Part 1 of Capital Public Radio's 3-part series "The Show
Must Go On"
In recent years, the Sacramento Ballet has been on a
roll. Among other things, they announced plans for a new
studio and offices, and they made their first international tour to
(excerpt from Shanghai performance)
Last fall, the Ballet's co-artistic directors Ron Cunningham
and his wife Carinne Binda were gearing up for another successful
year. But, when ticket sales for the season opener "Alice in
Wonderland" came up short, they were concerned.
And then as we went into Nutcracker which is traditionally our
bread and butter, there was a lack of people in the
theatre. That's what really set off the alarms.
Local media including TV news jumped on the story.
[News 10 report]
The Sacramento Ballet's production of the Nutcracker has become
a holiday tradition. But for the first time in 40 years, the
Ballet is concerned the tradition may not continue. Just days
before the opening performance advance ticket sales are alarmingly
To stimulate sales, the Ballet offered thousands of low price
tickets with help from a corporate sponsor. They sold out fast… but
it wasn't nearly enough. Cunningham says the ballet faced a
potential 600-thousand dollar deficit by the end of their season if
they didn't do something drastic. So he and Carinne asked
Do we simply shut the doors, refund our subscribers and wait
for better times. We've know companies over the years that
have done that and I've never known a company to bounce back,
that's it, it's the final curtain call for them.
The Cunninghams were determined to keep their company alive,
and with backing from their board, they sketched out a
plan. It would rely heavily on their 24 dancers.
We called a meeting with the dancers and the staff you
know we're one big team and said this is what the reality is, and
this is what's going to happen if we don't do something radical,
and we can do this if we all work together and not lose
It was scarey, it was definitely a scarey time
First year Sacramento Ballet dancer Rick Porter had just moved
from Australia to join the company. That meeting is still
fresh in his mind.
The thing I can remember the most is just the sheer look of
worry and they were so sad to have to break this news to us that
things weren't going that well.
They were just really heartbroken
Dancer Alexandra Cunningham says she was concerned not just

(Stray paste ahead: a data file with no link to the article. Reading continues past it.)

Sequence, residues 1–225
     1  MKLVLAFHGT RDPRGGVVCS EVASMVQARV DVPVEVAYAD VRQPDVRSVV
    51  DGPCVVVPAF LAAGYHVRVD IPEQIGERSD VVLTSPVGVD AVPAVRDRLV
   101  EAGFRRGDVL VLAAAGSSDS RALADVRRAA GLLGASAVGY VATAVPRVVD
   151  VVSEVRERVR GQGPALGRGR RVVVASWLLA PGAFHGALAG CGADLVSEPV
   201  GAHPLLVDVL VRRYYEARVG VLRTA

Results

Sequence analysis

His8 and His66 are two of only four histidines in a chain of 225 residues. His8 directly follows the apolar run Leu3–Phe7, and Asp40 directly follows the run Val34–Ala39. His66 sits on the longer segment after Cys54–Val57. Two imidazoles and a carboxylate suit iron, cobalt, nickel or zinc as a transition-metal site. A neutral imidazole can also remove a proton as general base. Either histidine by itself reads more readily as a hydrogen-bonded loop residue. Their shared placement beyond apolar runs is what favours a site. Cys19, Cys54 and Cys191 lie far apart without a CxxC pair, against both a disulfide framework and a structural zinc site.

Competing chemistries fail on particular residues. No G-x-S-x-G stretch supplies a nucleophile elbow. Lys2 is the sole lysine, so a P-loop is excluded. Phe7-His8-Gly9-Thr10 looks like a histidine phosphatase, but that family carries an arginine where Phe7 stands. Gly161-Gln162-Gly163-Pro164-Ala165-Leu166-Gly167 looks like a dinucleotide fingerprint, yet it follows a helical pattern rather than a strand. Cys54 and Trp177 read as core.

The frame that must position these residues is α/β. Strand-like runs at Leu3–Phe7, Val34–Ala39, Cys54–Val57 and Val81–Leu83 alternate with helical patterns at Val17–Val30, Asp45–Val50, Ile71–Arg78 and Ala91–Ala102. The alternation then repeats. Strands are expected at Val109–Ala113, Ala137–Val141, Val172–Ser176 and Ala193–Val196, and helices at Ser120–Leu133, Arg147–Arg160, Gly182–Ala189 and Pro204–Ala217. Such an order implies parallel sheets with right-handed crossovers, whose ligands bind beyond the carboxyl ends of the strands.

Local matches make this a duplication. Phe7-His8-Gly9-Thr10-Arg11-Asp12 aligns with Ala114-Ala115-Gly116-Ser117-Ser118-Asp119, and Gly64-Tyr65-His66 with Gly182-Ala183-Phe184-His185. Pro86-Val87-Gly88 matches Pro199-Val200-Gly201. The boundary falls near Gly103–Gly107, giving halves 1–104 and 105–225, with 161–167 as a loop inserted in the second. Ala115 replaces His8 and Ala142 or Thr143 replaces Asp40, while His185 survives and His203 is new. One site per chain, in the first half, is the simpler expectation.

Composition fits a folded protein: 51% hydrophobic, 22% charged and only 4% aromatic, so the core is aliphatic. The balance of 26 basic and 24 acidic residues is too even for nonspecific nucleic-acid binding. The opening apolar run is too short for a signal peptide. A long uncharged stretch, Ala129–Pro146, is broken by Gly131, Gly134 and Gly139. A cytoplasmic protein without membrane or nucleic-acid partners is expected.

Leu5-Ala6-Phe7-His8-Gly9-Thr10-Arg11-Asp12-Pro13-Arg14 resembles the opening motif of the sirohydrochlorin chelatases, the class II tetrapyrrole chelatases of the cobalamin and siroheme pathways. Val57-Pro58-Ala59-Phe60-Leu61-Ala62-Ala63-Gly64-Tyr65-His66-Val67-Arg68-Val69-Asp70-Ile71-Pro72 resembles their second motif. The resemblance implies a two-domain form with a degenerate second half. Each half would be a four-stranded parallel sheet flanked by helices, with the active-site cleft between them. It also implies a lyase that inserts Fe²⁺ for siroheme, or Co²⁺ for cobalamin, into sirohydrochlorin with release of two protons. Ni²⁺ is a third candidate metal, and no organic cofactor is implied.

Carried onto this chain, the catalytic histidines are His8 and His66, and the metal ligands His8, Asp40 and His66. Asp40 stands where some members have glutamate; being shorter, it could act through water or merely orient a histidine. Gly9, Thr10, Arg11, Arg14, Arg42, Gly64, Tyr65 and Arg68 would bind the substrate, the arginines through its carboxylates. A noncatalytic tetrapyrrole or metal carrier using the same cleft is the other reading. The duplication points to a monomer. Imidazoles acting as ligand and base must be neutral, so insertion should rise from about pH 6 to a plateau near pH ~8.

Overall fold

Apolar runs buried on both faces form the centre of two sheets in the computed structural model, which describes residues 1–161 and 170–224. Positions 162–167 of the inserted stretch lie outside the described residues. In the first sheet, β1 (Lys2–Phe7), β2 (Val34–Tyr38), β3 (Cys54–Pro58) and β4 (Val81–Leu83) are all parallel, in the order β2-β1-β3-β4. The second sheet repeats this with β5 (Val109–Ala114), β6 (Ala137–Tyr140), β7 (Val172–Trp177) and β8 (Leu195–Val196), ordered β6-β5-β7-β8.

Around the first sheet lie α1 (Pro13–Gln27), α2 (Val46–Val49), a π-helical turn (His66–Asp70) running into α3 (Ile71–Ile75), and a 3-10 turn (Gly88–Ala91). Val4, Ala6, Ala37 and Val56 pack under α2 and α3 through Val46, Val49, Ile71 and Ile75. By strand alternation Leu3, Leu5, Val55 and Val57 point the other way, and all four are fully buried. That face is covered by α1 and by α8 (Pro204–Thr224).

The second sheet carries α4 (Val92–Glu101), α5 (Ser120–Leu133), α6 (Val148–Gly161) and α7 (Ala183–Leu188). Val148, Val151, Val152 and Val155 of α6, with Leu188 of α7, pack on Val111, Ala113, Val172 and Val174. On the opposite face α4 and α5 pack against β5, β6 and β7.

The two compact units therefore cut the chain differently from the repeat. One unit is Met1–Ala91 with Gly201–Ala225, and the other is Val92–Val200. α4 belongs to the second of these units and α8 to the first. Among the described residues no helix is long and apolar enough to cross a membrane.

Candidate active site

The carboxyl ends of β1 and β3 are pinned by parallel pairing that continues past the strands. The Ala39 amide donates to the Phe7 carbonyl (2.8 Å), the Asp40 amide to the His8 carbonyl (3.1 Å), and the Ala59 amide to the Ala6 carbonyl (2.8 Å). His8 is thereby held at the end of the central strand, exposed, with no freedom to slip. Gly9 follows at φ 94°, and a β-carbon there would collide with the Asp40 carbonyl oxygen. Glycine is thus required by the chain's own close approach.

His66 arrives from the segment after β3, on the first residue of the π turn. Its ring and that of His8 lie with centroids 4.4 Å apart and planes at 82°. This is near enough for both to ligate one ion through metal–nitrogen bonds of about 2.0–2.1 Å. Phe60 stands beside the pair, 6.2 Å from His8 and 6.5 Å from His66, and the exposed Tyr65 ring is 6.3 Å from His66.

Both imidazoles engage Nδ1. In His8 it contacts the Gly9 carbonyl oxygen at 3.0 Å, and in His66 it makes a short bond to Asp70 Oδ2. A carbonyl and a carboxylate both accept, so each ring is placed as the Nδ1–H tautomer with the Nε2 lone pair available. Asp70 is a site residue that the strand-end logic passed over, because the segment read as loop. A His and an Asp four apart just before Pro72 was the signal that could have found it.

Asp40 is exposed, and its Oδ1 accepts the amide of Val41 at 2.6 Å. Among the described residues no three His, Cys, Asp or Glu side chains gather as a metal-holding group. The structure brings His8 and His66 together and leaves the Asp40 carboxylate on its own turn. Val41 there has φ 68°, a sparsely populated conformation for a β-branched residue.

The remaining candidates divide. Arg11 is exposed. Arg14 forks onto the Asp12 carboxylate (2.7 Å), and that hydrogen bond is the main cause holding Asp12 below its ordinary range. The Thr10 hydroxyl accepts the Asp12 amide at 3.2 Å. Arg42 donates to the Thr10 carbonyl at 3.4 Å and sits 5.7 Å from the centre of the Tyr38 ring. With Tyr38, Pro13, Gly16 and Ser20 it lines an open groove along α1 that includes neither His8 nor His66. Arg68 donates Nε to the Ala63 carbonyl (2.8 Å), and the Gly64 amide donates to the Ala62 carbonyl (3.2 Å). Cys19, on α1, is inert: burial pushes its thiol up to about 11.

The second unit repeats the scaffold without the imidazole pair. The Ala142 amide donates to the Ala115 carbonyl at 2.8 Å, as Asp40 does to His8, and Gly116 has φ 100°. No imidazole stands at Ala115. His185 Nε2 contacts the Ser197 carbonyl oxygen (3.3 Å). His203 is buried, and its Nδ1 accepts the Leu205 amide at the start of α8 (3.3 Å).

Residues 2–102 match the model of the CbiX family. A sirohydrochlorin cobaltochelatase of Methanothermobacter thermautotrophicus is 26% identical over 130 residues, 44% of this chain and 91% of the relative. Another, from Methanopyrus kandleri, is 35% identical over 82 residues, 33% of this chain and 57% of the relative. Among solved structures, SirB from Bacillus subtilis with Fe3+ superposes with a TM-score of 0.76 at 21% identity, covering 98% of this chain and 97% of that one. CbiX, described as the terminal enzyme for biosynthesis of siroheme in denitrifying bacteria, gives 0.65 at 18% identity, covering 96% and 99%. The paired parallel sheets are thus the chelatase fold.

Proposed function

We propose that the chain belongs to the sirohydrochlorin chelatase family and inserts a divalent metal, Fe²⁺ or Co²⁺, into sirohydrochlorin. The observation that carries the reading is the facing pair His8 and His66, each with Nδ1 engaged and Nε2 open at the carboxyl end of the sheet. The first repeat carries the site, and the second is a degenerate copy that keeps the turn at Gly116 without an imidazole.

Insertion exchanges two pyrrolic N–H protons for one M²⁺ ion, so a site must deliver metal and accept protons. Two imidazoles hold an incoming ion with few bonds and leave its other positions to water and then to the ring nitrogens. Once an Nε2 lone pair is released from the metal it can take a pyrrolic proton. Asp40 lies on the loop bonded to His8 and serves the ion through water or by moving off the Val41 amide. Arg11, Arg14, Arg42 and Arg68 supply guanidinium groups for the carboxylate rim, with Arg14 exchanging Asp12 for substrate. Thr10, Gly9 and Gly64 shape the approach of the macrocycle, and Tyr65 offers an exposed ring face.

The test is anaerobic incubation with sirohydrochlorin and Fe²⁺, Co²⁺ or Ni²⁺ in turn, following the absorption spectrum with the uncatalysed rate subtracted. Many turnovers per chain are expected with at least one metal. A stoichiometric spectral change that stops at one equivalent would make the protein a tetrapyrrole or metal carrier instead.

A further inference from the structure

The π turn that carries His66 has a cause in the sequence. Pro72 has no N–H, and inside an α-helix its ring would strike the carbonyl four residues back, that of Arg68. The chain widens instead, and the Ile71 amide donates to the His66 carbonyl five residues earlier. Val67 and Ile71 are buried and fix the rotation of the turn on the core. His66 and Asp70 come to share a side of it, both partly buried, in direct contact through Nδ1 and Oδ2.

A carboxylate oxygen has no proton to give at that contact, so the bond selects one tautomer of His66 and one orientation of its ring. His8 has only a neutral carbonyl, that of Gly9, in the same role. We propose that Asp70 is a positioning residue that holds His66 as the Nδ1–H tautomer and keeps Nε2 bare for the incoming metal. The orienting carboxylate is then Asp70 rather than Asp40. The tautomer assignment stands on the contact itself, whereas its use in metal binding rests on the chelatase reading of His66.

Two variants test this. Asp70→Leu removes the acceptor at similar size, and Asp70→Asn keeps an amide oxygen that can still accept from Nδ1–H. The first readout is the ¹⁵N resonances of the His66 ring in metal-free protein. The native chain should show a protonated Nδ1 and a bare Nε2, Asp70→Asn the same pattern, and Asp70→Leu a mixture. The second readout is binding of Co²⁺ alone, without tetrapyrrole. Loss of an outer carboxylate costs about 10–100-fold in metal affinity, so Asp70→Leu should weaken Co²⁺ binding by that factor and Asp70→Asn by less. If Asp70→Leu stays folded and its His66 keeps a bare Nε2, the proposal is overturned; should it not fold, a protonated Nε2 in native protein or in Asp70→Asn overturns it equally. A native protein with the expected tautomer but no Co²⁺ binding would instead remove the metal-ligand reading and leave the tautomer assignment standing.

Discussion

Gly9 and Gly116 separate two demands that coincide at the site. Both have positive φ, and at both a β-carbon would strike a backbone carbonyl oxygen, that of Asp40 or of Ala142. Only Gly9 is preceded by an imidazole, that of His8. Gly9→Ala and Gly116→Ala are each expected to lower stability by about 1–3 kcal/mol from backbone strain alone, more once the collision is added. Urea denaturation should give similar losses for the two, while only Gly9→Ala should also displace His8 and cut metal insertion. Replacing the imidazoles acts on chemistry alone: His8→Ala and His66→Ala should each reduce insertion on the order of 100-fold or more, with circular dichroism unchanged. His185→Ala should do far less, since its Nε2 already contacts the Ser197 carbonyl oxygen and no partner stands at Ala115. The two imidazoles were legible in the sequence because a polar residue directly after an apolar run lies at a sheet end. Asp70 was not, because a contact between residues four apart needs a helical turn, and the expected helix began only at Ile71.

for her future, but for parents.
Just thinking about the company potentially folding because
it's their life. It was hard to see them going through
something like that.
You know, that speech was difficult to give. But on the
other hand we kind of already knew going into it what the response
would be, it's like ya, let's fight for it.
The Ballet cut three staff positions, immediately stopped
advertising , and most dramatically, cancelled the remainder of its
season in the huge and expensive Community Center Theatre. Then
Cunningham did something really radical, he added performances…
dozens of smaller ones at the Mondavi Center, McClatchy high, in
art galleries and mostly in the Ballet's home studios. The revamped
season was a gamble. For the dancers, it was grueling.
I think at one point I had at least ten different pieces of
choreography in my head cause we were basically performing every
Ya, it was strenuous not only on the body but on the brain as
well. but everyone kind of pulled together and you know just
tried to do it, we had to do it really, and it paid off.
Rick Porter says audiences really related to the
up-close-and-personal shows in the studio.
When we're on stage it looks so glossy and you can't really see
the hard work going on, but when you're sitting three feet from us
you can see the sweat pouring off everyone, you can see the muscles
burning and how red everybody gets and just how intricate
While ticket prices for the news shows were inexpensive,
Cunningham says audiences were generous.
And people who've never been donors before, who don't have deep
pockets, started contributing to the company. Small amounts,
because that's what they could afford, but all of that added
So did the dollars raised by the dancers themselves. They
set up their own website for donations, held a silent auction, and
lobbied local businesses and media for support. In the end, the
re-configured season and all of the fundraising efforts
worked. The company not only survived the season, it ended
with a surplus.
In June, Ron Cunningham shared the Sacramento Ballet's story with
colleagues at a national conference dance companies. They gave
him a standing O.
We get standing ovations from the stage but I think it's
the first time we've ever gotten a standing ovation for our
management style. And that was very rewarding. And we did
it. We wound up in the black and that's a tribute to everybody
who works in this organization and to all the people in the
community who came out to support us.